USIS Washington File

15 March 2000

Commerce Official Says Trouble Building for Export-Control Bill

(Senate committee chairmen oppose September compromise) (800)
By Bruce Odessey
Washington File Staff Writer

Washington -- The top U.S. Department of Commerce export-control
official says prospects for Congress passing a new Export
Administration Act (EAA) have become less certain.

Under Secretary of Commerce William Reinsch says that the bill, which
would authorize export controls on advanced technology such as
computers and machine tools, has substantial support in the Senate,
but faces determined opposition from five Republican committee
chairmen and others.

The head of the Bureau of Export Administration (BXA), Reinsch made
the remarks at a March 15 meeting of the President's Export Council
Subcommittee on Export Administration.

Since the previous EAA expired in 1994, the Clinton administration has
kept the export-control system in place under an emergency law called
the International Emergency Economic Powers Act (IEEPA), but that
practice has been challenged in court.

Attempts by Congress to rewrite the Cold War-era EAA failed throughout
the 1990s because of divisions between business interests on one side
and military and intelligence interests on the other.

Those divisions remain today, at least among Senate Republicans,
Reinsch said. Republican supporters of the bill are led by Senate
Finance Committee Chairman Phil Gramm, whose committee approved the
bill 20-0 in September.

Reinsch said that bill represents a good balance of interests that the
administration basically supports even though it dislikes some

One contentious issue concerns which agency will have the final word
deciding what products go on the export control list. The Commerce
Department has held that authority.

Republicans siding with national security interests want more
authority for the State Department and, even more, the Defense
Department. Some want to reverse the trend set in the Bush and Clinton
administrations of removing items from the control list and relaxing
other controls.

According to Reinsch, Senate Democrats support the bill approved by
the Banking Committee. Yet that support is slipping, he said, as Gramm
attempts to negotiate language acceptable to the opponents. Industry
representatives have also opposed more concessions, he said.

Gramm told the Senate September 10 he thought he had achieved a deal
with the five chairmen opposed with a modified bill he moved to the
Senate floor for debate that day. The deal quickly collapsed, however,
and Gramm withdrew the bill from consideration by the Senate, at least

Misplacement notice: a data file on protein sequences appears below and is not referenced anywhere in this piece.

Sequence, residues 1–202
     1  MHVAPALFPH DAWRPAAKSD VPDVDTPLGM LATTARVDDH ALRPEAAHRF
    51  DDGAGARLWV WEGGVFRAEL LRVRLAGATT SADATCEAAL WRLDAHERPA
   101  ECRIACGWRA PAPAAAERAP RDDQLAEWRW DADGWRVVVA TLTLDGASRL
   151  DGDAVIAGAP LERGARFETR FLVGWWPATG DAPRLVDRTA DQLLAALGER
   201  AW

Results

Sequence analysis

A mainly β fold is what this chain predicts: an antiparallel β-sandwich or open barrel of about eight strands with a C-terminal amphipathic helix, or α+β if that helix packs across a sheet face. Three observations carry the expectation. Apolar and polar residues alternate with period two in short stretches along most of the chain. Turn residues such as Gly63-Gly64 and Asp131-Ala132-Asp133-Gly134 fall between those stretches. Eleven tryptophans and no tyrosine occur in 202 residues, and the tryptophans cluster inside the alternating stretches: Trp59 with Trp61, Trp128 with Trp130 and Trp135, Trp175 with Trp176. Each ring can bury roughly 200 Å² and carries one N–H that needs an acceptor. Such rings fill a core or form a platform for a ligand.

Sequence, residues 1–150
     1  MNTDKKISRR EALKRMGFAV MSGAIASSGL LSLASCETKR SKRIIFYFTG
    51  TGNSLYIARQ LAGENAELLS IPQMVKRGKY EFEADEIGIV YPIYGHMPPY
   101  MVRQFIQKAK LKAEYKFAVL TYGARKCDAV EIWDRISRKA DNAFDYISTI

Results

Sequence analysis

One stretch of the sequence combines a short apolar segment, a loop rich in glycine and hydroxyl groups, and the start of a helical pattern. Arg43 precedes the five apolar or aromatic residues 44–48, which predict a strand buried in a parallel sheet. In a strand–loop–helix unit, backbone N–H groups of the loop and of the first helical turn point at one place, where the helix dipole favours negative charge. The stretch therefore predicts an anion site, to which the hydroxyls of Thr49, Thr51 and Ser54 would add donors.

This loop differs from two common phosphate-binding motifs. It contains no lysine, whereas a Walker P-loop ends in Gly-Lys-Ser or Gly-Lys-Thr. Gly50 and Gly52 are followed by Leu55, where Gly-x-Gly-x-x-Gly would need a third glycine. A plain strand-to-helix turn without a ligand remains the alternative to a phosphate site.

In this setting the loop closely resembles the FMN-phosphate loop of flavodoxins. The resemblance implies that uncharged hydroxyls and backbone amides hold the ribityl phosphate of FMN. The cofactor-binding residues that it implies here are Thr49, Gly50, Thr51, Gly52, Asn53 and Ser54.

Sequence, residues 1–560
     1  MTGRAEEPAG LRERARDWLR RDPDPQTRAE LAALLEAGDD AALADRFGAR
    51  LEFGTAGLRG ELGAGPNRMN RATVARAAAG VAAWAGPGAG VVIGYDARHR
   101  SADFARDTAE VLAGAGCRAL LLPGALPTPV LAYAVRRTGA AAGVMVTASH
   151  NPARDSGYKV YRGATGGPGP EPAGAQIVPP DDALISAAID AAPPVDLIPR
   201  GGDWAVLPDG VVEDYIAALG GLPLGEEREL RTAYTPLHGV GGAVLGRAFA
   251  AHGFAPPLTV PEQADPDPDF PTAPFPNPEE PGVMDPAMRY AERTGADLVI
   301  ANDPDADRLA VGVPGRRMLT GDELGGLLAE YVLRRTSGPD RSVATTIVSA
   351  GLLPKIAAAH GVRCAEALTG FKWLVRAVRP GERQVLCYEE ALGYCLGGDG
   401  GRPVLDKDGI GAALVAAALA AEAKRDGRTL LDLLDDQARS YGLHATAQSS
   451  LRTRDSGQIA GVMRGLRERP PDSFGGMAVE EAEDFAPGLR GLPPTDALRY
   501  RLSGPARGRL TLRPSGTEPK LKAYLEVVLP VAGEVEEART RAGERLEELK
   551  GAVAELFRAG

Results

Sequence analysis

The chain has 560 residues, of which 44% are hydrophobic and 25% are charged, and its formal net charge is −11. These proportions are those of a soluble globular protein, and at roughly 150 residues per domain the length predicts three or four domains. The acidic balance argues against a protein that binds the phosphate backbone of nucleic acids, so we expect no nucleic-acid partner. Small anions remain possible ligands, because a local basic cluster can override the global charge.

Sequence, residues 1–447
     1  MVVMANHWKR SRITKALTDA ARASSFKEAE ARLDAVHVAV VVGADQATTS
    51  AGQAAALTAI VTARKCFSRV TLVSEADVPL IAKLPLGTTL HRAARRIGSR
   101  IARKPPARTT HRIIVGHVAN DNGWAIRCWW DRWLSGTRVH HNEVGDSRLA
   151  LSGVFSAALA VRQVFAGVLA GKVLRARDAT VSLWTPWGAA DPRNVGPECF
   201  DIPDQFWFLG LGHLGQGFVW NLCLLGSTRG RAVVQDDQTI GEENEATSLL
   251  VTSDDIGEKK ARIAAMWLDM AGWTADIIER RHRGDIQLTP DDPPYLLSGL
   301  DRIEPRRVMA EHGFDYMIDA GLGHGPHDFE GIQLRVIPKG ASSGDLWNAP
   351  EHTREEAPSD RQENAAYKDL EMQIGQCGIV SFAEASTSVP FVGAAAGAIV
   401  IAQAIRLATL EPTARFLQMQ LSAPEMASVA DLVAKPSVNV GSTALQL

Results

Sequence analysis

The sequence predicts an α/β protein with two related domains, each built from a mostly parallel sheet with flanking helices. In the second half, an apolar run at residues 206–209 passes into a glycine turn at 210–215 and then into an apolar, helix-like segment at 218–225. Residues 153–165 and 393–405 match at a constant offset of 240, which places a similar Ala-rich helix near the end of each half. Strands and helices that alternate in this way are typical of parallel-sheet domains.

for a while.

Reinsch said that while the Senate is in recess the week of March 12,
Gramm and his staff are struggling to renegotiate a deal with the
opposing chairmen in a way that will not lose the support of industry.

"Whether the obstacles are too great remain to be seen," Reinsch said.

He said that even if Gramm fails to reach a deal, he could still
attempt to push the bill through the Senate over the opposition. Under
Senate rules that would require votes from 60 of the Senate's 100
members in order to end the opponents' filibuster.

One opponent, Governmental Affairs Committee Chairman Fred Thompson,
told the Senate he will vote against the bill even if Gramm makes more

"I think we ought to be tightening and they think we ought to be
loosening," Thompson said, "and never the twain shall meet."

Reinsch said he expects that leaders in the U.S. House of
Representatives will wait for the Senate to act before starting work
on the EAA.

For any bill to become law requires passage by the full House and
Senate and signature by Clinton.

In a related development, Reinsch's Bureau of Export Administration
published in the March 10 Federal Register a regulation increasing
again the threshold of computers eligible for export without an
individual license.

The regulation implements the policy announced by President Clinton
February 1.

Immediately it raised the threshold from 20,000 to 33,000 million
theoretical operations per second (MTOPS) for Tier 2 countries
including South Korea, the Association for Southeast Asian Nations
(ASEAN) countries, Slovenia, South and Central America, and most of

It also raised the thresholds from 12,300 to 20,000 MTOPS for exports
to civilian users in 45 or so Tier 3 countries, which include China,
Russia, India, Pakistan and Israel. For military users in those
countries, the threshold rises from 6,500 to 12,500 MTOPS, but not
until August 14 because of a six-month lag required under law.

The regulation also moves Romania from Tier 3 to Tier 2, effective
June 15.

Reinsch said his and other agencies are preparing to submit in April
their recommendations to Clinton for the next round of increases in
computer export levels, citing continued rapid technological advances
in the industry.

(The Washington File is a product of the Office of International
Information Programs, U.S. Department of State. Web site: